A personal view from Dame Judith Hackitt
Foreword and Executive Summary
At the heart of this report are the principles for a new regulatory framework which will drive real culture change and the right behaviours. We need to adopt a very different approach to the regulatory framework covering the design, construction and maintenance of high-rise residential buildings which recognises that they are complex systems where the actions of many different people can compromise the integrity of that system.
The principle of risk being owned and managed by those who create it was enshrined in UK health and safety law in the 1970s, following the review conducted by Lord Robens, and its effectiveness is clear and demonstrable.
The principles of health and safety law do not just apply to those who are engaged in work but also to those who are placed at risk by work activities, including members of the public. It should be clear to anyone that this principle should extend to the safety of those who live in and use the ‘products’ of the construction industry, such as a multi-occupancy building, where the risk of fire exposes residents to danger.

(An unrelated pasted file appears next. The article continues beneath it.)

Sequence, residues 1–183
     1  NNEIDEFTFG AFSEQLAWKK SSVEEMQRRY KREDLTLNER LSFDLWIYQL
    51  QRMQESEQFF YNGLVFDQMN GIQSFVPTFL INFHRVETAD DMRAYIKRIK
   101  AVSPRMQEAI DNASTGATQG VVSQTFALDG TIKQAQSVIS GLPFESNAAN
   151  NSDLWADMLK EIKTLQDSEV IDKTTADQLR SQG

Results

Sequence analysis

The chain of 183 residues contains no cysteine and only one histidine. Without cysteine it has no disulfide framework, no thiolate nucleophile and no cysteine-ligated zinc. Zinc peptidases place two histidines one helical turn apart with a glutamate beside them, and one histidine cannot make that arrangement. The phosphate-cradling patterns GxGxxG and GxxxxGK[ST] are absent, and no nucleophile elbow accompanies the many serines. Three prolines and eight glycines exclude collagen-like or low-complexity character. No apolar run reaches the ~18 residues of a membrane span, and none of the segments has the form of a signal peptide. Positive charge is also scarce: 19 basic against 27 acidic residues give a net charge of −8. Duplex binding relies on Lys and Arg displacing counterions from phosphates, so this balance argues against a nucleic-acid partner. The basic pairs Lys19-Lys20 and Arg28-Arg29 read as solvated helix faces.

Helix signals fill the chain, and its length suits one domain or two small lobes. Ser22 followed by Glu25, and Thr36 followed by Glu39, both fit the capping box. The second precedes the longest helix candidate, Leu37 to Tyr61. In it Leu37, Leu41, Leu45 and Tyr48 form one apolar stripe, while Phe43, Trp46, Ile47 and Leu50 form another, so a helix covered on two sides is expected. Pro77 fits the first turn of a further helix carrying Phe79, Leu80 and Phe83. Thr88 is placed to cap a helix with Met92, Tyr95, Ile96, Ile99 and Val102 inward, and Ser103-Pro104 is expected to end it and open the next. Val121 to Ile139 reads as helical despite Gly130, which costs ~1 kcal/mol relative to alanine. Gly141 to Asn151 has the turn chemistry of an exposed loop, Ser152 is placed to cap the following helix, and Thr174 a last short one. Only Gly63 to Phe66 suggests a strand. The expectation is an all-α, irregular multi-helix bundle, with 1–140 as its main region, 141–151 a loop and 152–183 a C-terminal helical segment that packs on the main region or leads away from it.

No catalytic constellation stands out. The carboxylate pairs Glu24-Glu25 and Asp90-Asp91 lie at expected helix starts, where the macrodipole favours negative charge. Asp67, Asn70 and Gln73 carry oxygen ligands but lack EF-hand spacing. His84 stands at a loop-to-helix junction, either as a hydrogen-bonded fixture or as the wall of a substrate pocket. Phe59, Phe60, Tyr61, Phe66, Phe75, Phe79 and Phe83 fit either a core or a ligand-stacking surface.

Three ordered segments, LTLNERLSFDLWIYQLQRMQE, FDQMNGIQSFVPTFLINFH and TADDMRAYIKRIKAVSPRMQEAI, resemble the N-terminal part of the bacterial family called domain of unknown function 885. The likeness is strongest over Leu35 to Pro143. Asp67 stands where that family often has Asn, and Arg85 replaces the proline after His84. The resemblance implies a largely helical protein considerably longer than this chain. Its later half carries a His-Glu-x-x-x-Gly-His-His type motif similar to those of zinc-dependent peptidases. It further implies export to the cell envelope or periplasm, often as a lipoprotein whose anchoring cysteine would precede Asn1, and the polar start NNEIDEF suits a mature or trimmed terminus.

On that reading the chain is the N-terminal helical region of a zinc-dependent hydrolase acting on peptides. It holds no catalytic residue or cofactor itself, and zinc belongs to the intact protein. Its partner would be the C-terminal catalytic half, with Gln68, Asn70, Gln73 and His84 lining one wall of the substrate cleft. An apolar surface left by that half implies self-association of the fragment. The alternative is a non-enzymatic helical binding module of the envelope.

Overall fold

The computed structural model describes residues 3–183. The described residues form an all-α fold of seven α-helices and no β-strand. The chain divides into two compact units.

A decision was taken back in 1975 to specifically exclude consumer safety and building safety from the Health and Safety Executive’s (HSE) remit. However, since then, HSE’s remit has increasingly extended into certain key areas – e.g. domestic gas safety.
This review concludes that there is a strong case for the full effect of the key principle of risk ownership and management to be applied alongside building regulations. This report recommends a very clear model of risk ownership, with clear responsibilities for the Client, Designer, Contractor and Owner to demonstrate the delivery and maintenance of safe buildings, overseen and held to account by a new Joint Competent Authority (JCA).